Very well stated both. I would like to add only that our passion for these worlds and motivation to involve our "selves" in these experiences is an indication not of some aberrant impulse to frivolessness, but precisely because they afford experiences that are meaningful to us in the way that all experience can be more or less meaningful. We engage in them because they let us play out the next few acts of the interior drama, as it were, creating experiences that affect us in (more or less) exactly the way that other experiences affect us. In some sense it's much less a make believe than another manifestation of our interest in interacting with our worlds in the myriad of ways that are interesting to any given individual. Or, in some sense I would suggest that all "make-believe" is primarily this kind of synthetic life experience: experimentation with the various elements we find around us in an ongoing effort to explore, master, and share them.

11.

Bruce,

Feel free to contact me by email if you want to talk about anything. I've got *lots* of material. :-)

Your fellow pack-rat,
Randy

12.

Raph says:
"Well,it's well known that I see litle difference between the textual and the graphical worlds."
https://www.raphkoster.com/2006/03/31/are-muds-and-mmorpgs-the-same-thing/
They both simulate places, the question is mostly one of presentation. You can in fact display a mud world graphically and an MMORPG textually -- it's been done."
Nope, I don't believe simulating space is creating place. A 3D visual field is not a place.

And if MUDS handle collision boxes, lines of sight, visual occlusion, psychological effects of threshold transfer, territorial phobia, spatial proxemics, enhanced cognitive mapping substantiated by extra hippcampus activity, sense of social presence via body heat, and game-play affecting sense of balance, I would be more likely to believe this statement.
A test between MUD and spatial MMORPG could be similar to https://www.jneurosci.org/cgi/content/full/25/31/7254
Any reference to a MUD that handles all these things would be appreciated.

13.

Bruce said, "Is a social virtual world truly a different creature from a game play world?"

No, I don't think so. There have been completely social virtual worlds (e.g. Worlds Chat) and almost-completely gameplay virtual worlds (say, multiplayer FPSs if you don't count the lobbies and such), but the most successful virtual worlds incorporate significant aspects of both.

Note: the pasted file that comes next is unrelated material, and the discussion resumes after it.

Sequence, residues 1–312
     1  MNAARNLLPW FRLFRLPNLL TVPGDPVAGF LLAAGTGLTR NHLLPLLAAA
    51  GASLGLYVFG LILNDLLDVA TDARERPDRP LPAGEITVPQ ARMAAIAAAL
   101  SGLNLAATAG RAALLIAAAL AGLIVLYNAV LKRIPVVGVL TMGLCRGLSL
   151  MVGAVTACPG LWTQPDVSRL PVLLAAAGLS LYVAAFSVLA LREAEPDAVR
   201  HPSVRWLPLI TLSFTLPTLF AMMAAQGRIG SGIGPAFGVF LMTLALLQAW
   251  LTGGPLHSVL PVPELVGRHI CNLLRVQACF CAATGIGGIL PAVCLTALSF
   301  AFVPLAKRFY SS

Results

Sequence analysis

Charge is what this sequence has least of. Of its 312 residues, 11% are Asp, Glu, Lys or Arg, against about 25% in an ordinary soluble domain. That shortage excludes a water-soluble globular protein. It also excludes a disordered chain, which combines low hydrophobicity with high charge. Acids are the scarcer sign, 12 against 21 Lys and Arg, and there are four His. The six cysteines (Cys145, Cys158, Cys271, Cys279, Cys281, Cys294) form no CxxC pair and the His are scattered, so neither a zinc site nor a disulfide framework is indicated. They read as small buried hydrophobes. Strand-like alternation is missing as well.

When we were developing M59, we looked hard at things like Worlds Chat and AlphaWorld. The former had nothing but chat, and it quickly became uninteresting for most people who tried it out (it's instructive to go back and look at the hype too). It seemed pretty clear that adding "social referents" to the world -- something multiple people could talk about and interact with, say a ball -- would add a great deal to the fast-shriveling novelty that most people found on logging in. Alphaworlds at least had objects, but they were all form and no function -- you could create buildings but they didn't do anything. The world was still almost entirely social. True, you had external social referents, but they didn't do anything. It would take the abortive attempts at VRML and later, Second Life, to add enough functionality to make a social world interesting to at least some people.

Multiplayer gameplay equates to shared contingency: we called this the "circle the wagons" effect. People band together because there's something scary out there, and this acts as a catalyst to socialization. Socialization then catalyzes their ability to take on greater shared contingency (more gameplay), and the virtuous cycle continues.

Separating social worlds from gameplay worlds seems odd to me, like asking which side of the arch is holding up the ceiling.

14.

Something which disturbs me about this "history of virtual worlds" thing is the lack of an audit trail. A timeline is not a pedigree. Merely having been first to the cut doesn't mean there was automatic influence on future work.